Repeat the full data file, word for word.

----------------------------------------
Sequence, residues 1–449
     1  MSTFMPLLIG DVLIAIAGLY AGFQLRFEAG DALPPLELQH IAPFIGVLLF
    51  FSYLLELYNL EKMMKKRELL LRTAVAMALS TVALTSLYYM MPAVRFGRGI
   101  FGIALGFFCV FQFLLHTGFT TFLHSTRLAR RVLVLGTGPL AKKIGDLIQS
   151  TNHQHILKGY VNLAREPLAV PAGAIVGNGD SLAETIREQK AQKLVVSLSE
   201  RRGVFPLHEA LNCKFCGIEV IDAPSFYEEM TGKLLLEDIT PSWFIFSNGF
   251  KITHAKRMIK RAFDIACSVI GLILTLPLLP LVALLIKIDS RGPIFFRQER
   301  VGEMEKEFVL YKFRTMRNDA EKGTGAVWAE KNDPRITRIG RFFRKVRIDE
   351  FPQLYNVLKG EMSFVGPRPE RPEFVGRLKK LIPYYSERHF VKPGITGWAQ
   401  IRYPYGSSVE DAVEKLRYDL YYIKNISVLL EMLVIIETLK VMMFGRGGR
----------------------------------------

Sequence, residues 1–449
     1  MSTFMPLLIG DVLIAIAGLY AGFQLRFEAG DALPPLELQH IAPFIGVLLF
    51  FSYLLELYNL EKMMKKRELL LRTAVAMALS TVALTSLYYM MPAVRFGRGI
   101  FGIALGFFCV FQFLLHTGFT TFLHSTRLAR RVLVLGTGPL AKKIGDLIQS
   151  TNHQHILKGY VNLAREPLAV PAGAIVGNGD SLAETIREQK AQKLVVSLSE
   201  RRGVFPLHEA LNCKFCGIEV IDAPSFYEEM TGKLLLEDIT PSWFIFSNGF
   251  KITHAKRMIK RAFDIACSVI GLILTLPLLP LVALLIKIDS RGPIFFRQER
   301  VGEMEKEFVL YKFRTMRNDA EKGTGAVWAE KNDPRITRIG RFFRKVRIDE
   351  FPQLYNVLKG EMSFVGPRPE RPEFVGRLKK LIPYYSERHF VKPGITGWAQ
   401  IRYPYGSSVE DAVEKLRYDL YYIKNISVLL EMLVIIETLK VMMFGRGGR